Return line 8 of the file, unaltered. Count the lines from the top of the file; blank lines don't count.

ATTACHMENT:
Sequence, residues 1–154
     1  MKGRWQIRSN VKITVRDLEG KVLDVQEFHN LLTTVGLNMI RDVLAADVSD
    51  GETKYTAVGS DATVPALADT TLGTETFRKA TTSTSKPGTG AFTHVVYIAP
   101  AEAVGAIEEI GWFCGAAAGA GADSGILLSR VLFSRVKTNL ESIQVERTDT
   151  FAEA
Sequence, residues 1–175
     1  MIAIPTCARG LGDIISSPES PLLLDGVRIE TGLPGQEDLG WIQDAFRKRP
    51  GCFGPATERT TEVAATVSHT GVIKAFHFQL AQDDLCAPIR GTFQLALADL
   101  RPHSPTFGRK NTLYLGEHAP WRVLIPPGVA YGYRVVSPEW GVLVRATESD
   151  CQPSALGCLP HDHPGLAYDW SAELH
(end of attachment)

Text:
    51  GCFGPATERT TEVAATVSHT GVIKAFHFQL AQDDLCAPIR GTFQLALADL